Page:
She serves on the World Economic Forum's Advisory Board on Sustainability and Competitiveness and other advisory boards including those related to the Council on Foreign Relations, Plan International, the International Civil Society Network, the Global Forum on Women in Parliaments, and a European Union research program on GDP and beyond. She previously served as director and lead author of three global Human Development Reports published by the United Nations Development Programme (UNDP):Overcoming Barriers: Human Mobility and Development (2009); The Real Wealth of Nations: Pathways to Human Development (2010); and Sustainability and Equity: a Better Future for All (2011). She has published widely on topics ranging from poverty reduction strategies and labor markets to conflict, health reform, education, and decentralization.

She holds a Ph.D. in Economics from the Australian National University as well as postgraduate degrees in both Law and Development Economics from the University of Oxford, where she was a Rhodes Scholar.

Andrew
Andrew Morrison, PhD

Andrew Morrison is Chief of the Gender and Diversity Unit at the Inter-American Development Bank (IDB). Prior to joining the IDB, he worked at the World Bank as a Lead Economist in the Gender and Development Group and as the Regional Gender Coordinator for Latin America and the Caribbean. He also has worked as an associate professor of economics at Tulane University and the University of New Mexico. Morrison has written books and articles in the area of gender equality, international migration, labor markets and violence prevention. His Ph.D. in economics is from Vanderbilt University.

Stella
Stella Mukasa

Stella Mukasa is director of gender, violence and rights at the International Center for Research on Women (ICRW). Mukasa is a lawyer with 20 years of experience in gender and human rights, spanning government, international development and academia. Following a career at the Ministry of Gender and Community Development in Uganda, she went on to advise governments, donor agencies and civil society organizations on integrating gender and human rights into laws, policies and programmes. She has been and remains a strong advocate for women’s rights as human rights at the national, regional and global levels. Among her achievements, Mukasa played an active role in; 1)The global campaign for Women’s Rights as Human Rights testifying at the Global Tribunal on Women’s Human Rights in 1993, 2) Provision of legal aid to women in Uganda, 3) Gender mainstreaming the national Constitutions of both the Republic of Uganda and Rwanda, 4) Strategizing for enactment of the Domestic Violence Act in Uganda.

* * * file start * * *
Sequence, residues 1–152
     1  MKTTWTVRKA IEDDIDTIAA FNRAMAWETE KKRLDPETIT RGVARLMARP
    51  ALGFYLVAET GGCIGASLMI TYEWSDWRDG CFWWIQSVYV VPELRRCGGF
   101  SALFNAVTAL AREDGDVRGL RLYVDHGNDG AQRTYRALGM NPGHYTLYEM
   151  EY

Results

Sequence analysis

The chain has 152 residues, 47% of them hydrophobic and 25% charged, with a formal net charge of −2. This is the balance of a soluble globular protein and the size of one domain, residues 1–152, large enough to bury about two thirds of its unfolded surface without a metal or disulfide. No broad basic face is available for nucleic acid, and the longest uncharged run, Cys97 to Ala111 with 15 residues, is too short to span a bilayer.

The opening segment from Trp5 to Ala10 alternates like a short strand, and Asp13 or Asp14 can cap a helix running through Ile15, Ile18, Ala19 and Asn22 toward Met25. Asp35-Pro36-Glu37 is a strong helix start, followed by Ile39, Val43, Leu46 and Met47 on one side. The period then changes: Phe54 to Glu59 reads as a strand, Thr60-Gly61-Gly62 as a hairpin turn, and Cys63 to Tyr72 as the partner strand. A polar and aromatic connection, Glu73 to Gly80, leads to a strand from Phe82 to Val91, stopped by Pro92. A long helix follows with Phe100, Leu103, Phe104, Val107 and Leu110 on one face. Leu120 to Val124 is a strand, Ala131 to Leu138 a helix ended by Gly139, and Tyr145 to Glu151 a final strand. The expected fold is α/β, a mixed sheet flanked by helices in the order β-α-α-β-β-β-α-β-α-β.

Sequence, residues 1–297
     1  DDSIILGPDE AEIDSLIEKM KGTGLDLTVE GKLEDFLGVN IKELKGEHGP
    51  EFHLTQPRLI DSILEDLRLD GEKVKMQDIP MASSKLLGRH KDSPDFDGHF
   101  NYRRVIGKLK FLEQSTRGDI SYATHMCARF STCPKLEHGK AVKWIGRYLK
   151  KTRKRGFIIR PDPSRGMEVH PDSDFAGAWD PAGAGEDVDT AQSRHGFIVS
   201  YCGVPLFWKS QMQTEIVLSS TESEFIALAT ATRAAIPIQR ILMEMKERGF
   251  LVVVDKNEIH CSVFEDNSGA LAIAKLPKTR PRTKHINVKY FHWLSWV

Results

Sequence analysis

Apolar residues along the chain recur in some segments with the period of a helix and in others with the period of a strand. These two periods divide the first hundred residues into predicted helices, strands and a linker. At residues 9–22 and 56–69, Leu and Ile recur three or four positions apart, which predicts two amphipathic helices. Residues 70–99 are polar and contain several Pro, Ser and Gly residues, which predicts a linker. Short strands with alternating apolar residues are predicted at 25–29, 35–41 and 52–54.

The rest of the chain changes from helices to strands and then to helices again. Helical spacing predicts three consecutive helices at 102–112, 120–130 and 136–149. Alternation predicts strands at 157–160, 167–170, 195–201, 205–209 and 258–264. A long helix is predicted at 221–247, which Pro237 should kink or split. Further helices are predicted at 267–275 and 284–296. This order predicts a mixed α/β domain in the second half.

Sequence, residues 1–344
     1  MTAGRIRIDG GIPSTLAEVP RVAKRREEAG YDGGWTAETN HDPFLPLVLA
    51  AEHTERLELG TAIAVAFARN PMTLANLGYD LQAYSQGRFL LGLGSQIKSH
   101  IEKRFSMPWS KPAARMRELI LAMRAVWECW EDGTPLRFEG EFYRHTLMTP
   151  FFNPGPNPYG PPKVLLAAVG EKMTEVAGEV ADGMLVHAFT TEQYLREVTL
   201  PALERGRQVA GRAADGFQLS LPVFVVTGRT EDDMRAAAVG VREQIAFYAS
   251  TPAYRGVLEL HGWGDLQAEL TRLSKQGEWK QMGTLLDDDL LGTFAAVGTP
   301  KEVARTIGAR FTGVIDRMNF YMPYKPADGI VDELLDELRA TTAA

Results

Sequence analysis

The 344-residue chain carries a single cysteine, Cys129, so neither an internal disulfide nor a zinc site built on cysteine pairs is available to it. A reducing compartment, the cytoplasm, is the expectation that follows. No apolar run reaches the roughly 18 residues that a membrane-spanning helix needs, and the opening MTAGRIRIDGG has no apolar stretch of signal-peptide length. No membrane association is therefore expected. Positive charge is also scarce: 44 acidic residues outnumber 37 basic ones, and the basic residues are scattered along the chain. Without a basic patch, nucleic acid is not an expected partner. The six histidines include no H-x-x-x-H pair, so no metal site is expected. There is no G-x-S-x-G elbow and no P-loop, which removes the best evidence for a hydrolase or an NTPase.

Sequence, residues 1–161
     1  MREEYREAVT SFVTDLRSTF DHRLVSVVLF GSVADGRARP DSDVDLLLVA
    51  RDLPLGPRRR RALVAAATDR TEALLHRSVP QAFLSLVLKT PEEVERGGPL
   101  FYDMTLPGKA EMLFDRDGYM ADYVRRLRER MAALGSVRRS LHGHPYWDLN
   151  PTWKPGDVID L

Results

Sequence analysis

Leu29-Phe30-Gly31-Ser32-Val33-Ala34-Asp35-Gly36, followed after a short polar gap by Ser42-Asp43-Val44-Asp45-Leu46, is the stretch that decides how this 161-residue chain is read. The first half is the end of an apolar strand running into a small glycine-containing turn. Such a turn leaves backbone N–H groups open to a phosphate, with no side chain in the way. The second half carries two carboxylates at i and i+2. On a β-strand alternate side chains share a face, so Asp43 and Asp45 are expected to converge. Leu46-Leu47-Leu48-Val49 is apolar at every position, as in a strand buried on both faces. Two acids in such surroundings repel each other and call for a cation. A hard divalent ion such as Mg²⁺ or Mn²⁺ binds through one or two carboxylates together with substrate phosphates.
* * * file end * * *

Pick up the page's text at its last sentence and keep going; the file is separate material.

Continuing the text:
Mukasa holds a bachelor’s of laws from Makerere University in Kampala, Uganda, a diploma in legal practice from the Law Development Centre in Kampala, and a master of laws, law in development from the University of Warwick in the United Kingdom.

Maria-correia
Maria Correia

Maria Correia has worked in international development for more than twenty-five years, having advised on gender and other social issues in some 40 countries across four continents.

Since 1994, she has worked in the World Bank in Washington DC, where she has held various leadership positions on gender and has written on a range of topics related to this issue. The World Bank publication “The Other Half of Gender: Men's Issues in Development” co-edited by Maria, was one of the first in mainstream international development to bring attention to the less visible gender issues faced by men.

From 2005-2009, Maria managed a Multi-Country Demobilization and Reintegration Program in the greater Great Lakes region of Central Africa. The largest program of its kind in the world, it reached an estimated 300,000 ex-combatants in seven countries: Angola, Burundi, the Central African Republic, the Democratic Republic of Congo, the Republic of Congo, Rwanda and Uganda.

For the last few years, Maria’s interests have shifted to the search for new and innovative approaches to addressing intractable social issues in developing countries. Spurred by the 2012 brutal gang rape and murder of a Delhi student, she has been working with a team of co-collaborators to explore the use of creative industries – including the universal appeal of fashion – as a driver of development and social change. The result is the flagship WEvolve global program, which will support creative ventures, including fashion events around the world, to bring attention to gender-based violence.